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Old 03-30-2011, 10:28 PM   #1
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Default Aeration during fermenation ?!?

Hey everyone... So today I just brewed a Rogue Barleywine clone. This is the "biggest" beer I have ever attempted. The OG is 1.110+. I am currently reading Mr. White's book on yeast. He states that it is beneficial when brewing high gravity to brews to re-aerate the wort after the 12 hour mark. Does anyone actually re-aerate at "home?" Is this required so my little yeastie friends finish the job correctly?? Final question if so what is the best method to use? I do not have a 02 kit I just use my mash paddle and whip the wort. Any suggestions would be great!! Thanks in advance...

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Old 03-30-2011, 10:34 PM   #2
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Not AFTER, before 12 hours are up. Yes I do it for big beers, with my airstone and oxygen bottle. I talked about it in my 5 year aged 1.150 og/150 Ibu barleywine.

It caused quite a stir when it first came out a couple years back at a conference Chris White of Whitelabs presented that info about adding 02 within 12 hours of a big beer. IIRC there was some pretty heated arguments on here. But yes it is recommend for big beers that you give it a second period of aeration within the first 12 hours after yeast pitch. Before enough fermentation has happened to have to worry about oxydation. !2 hours and for beers above 1.080 I think.


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I just heard it last week on Basic Brewing radio...It was in the NHC follow up. Shocked the crap out of me when I heard it...

It was during the I-view with Chris White from White Labs.

Considering he makes the yeasts, methinks he'd know.

July 3, 2008 - NHC Wrapup Pt. 1
Steve joins James as they begin their collection of interviews gathered from experts at the National Homebrewers Conference in Cincinnati. This week: Dave Wills, Michael Ferguson and Chris White.
http://media.libsyn.com/media/basicb...hcwrapup01.mp3

It's about 3/4's of the way into the I-view...

Considering he says that we need 10-12 PPM's of oxygen for good fermentation and vigorous shaking is only good for 2 ppm's, hitting a stuck fermentation @ under 10-12 hours with a minute of O2 may be may be just the thing. Especially for really big beers.

New info comes out all the time...Even John Palmer has gone back on what he wrote about IBU's after going to a confrence on hops....And a lot of the stuff we come to believe as 'conventional wisdom' is wrong anyway, yet we perpetuate it...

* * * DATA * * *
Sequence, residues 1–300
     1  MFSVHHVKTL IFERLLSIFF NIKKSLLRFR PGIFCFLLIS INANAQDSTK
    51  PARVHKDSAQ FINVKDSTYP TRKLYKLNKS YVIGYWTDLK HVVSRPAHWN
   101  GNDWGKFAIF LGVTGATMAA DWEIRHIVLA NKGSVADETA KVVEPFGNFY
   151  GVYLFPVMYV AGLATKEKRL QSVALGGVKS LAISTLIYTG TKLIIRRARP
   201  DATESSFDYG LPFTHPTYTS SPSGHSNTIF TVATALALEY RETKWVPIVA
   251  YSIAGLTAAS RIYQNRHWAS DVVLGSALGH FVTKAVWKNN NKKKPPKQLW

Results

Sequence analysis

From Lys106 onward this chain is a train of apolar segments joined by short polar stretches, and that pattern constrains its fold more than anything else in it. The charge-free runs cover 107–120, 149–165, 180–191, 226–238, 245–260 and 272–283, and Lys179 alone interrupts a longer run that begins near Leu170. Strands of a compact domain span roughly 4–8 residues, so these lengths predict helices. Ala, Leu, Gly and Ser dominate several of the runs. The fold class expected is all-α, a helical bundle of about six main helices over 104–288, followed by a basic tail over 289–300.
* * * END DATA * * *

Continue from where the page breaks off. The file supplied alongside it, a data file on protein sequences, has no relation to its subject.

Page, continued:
It was a good discussion here;

http://www.homebrewtalk.com/f13/addi...ntation-71456/

I'm all for a post yeast pitch blast of O2....but BEFORE it begins to turn into real beer......within the first 12 hours...but with already a 20 point drop in gravity, I still maintain that you don't want too much o2 exposure now...

Flyguy gives a good elaboration on it...

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This is an accepted practice, but specific to high gravity beers and only before active fermentation begins (typically within the first 12 to 18 hours). When the yeast are still in their lag/growth phase, they need a lot of oxygen, and it is hard to get enough into solution in a high gravity brew, even with an oxygenation setup. But if you add it in two 'doses' you can get a lot more into solution. Since the yeast are are actively metabolizing O2 in the lag and growth phase, all of that O2 will get scavenged quickly, provided you do it before they hit active fermentation. If timed correctly, there is little worry of oxidation.
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Old 03-30-2011, 11:26 PM   #3
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Awesome thank you.. just checked the fermenter and the airlock is already kicking... I'm about 6 hours in... Just went with the ol' standby S-05. Can I just use my mash paddle and re-whip the wort in about 3 or 4 hours? I have a pump but no inline filter yet...

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Old 03-30-2011, 11:44 PM   #4
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Not AFTER, before 12 hours are up. Yes I do it for big beers, with my airstone and oxygen bottle. I talked about it in my 5 year aged 1.150 og/150 Ibu barleywine.
Interesting...
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Old 03-31-2011, 12:25 AM   #5
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Interesting...
It is, this is the beer I'm talking about- 12 hours after I gave it that second blast of air that morning.



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Old 03-31-2011, 03:40 AM   #6
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I believe the key here is to wait until the yeast has had enough time to go through at least one cell division. This will be between 8 to 18 hours depending on yeast vitality, temperature etc.

There is little benefit to re-blasting without using pure oxygen as you can't get above the 8 ppm of O2 needed for a high gravity beer w/o using pure O2. Shaking/splashing won't get you above 3 ppm.

The yeast will quickly uptake the newly added O2 and use it for cell membrane maintenance required to survive in high ABV environment.

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